Home >Over £2.5bn of online orders to be returned
Over £2.5bn of online orders to be returned
02 January 2018
The continued surge in online shopping will see over £2.5billion of unwanted Christmas presents returned to retailers this year, with the majority returned by mid-January.
These figures are estimated by LCP Consulting, a BearingPoint company, that works with many of the top 10 UK retailers. LCP says that returns are one of the consequences of the growth in online shopping as distance selling regulations require retailers to offer a returns service to remove the risk of shopping remotely.
Stuart Higgins, director – Retail, at LCP said: “The price retailers have to pay for online growth is pretty substantial. Not only will this flood of returns put additional demands on retailers back-end operations during their busiest online sales week of the year, it will also impact their stores as a third of returns will come back into stores just as they’re launching their Christmas and January sales.”
LCP highlights that it’s not just the cost of receiving the return that puts additional strain on retailers, there are four other factors which have an impact:
- Cost of an online order – An online order typically costs £2 to £3 more to process than an in-store purchase. This investment by the retailer to encourage online sales will be lost if the customer returns the goods.
- Free returns - The High Street standard is now to offer free returns – great if the consumer walks the item back into a store, but not if the retailer pays a carrier to collect the parcel from the customer’s home, or if the customer posts the item back at the retailer’s expense.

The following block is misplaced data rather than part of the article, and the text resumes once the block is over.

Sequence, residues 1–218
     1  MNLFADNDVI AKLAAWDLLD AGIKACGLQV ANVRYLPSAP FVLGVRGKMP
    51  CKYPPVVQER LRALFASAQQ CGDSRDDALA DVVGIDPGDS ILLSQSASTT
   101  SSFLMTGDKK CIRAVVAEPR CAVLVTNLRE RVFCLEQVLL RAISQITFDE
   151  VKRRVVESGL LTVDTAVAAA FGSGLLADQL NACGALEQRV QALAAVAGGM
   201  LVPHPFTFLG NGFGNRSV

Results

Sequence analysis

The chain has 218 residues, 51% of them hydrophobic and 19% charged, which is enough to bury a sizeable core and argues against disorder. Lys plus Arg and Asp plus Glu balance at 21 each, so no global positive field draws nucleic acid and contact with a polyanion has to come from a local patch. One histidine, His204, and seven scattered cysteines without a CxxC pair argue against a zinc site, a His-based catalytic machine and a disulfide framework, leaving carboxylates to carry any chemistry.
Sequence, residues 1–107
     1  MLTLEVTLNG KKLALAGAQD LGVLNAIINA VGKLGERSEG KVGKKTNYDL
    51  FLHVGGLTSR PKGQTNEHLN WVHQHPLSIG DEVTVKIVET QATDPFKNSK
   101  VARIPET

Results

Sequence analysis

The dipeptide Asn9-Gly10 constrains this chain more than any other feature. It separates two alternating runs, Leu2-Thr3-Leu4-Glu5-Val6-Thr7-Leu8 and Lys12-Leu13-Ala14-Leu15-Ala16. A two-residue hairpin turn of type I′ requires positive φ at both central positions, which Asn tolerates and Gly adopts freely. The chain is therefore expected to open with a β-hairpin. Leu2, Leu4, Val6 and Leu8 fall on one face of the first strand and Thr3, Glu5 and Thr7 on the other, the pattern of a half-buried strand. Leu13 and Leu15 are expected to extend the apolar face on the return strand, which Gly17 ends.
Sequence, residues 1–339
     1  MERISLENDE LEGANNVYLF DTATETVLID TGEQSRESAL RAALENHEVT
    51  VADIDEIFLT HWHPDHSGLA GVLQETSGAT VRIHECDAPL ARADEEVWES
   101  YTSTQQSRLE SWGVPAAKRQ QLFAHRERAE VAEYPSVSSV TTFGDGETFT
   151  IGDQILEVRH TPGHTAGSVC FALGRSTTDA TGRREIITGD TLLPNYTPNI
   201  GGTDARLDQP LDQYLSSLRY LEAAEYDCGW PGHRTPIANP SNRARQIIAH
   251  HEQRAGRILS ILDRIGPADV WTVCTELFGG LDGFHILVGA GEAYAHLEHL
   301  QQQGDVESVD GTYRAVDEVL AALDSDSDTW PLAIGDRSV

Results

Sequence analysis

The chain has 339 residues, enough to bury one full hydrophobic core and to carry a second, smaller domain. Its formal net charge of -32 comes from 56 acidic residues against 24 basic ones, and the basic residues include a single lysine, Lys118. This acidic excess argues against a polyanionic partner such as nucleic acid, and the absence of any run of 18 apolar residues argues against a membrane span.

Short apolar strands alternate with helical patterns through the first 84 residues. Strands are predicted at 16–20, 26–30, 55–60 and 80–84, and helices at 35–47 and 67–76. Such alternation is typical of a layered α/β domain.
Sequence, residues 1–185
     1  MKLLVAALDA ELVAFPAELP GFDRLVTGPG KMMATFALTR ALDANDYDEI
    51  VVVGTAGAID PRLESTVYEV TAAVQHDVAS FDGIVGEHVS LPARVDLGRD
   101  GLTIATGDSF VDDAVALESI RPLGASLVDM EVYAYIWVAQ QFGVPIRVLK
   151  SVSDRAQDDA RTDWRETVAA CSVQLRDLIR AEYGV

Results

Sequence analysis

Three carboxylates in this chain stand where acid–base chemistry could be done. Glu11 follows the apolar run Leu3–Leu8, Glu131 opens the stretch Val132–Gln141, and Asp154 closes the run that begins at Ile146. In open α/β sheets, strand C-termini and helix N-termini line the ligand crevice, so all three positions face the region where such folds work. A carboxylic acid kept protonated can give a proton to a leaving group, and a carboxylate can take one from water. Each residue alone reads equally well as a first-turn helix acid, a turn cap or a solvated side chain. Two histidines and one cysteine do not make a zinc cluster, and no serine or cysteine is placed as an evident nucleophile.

- Making new - Each return has to be processed by the retailer to check it’s in a ‘as new’ condition and can go back onto the shelf for resale. A fashion garment may need creases steamed out, and Electrical items need to be safety tested.
- Not fit for resale - Some items will simply not be fit for resale and will have to be either discounted or scrapped altogether – further adding to retailer costs.
Customers return items for a variety of reasons including; the wrong item was purchased, the product is no longer needed, the product didn’t match its description, a gift purchase was incorrect, the product was damaged on arrival, or the retailer shipped the wrong item. Another reason is that the customer engaged in ‘wardrobing’ – where they buy an item (e.g. a party dress) for a particular purpose, uses it, and then returns it for a full refund.
Stuart Higgins added: “Most retailers do not want to publicly accept that wardrobing happens, but it is a reality they have to deal with. At this time of year wardrobing can be seen when a party dress worn for the office Christmas party is returned. It is virtually impossible for retailers to prevent wardrobing, but some are starting to make inroads by using data and analytics to identify repeat returns in order that these customers can be prevented from ordering in future.”
LCP says that to improve the efficiency of returns, successful retailers are implementing:
- Returns-ready packaging
- Returns labels in original package
- Easy drop off/collection points
- Credit on first scan, not after the retailer has processed the return
Stuart Higgins concluded: “Retailer returns processes are improving, but our annual survey of leading retailers continues to highlight that returns speed/efficiency ranks less important in the minds of retail directors than other supply chain factors, which is surprising given that 70% of consumers say that returns capability is top of mind when selecting where to buy from online.
“With online returns exceeding £2.5billion from this year’s festive shopping period, forward-thinking retailers need to ensure that they’re operating fast efficient, customer-centric returns processes so customers get their cash back faster – an important part of over customer satisfaction.”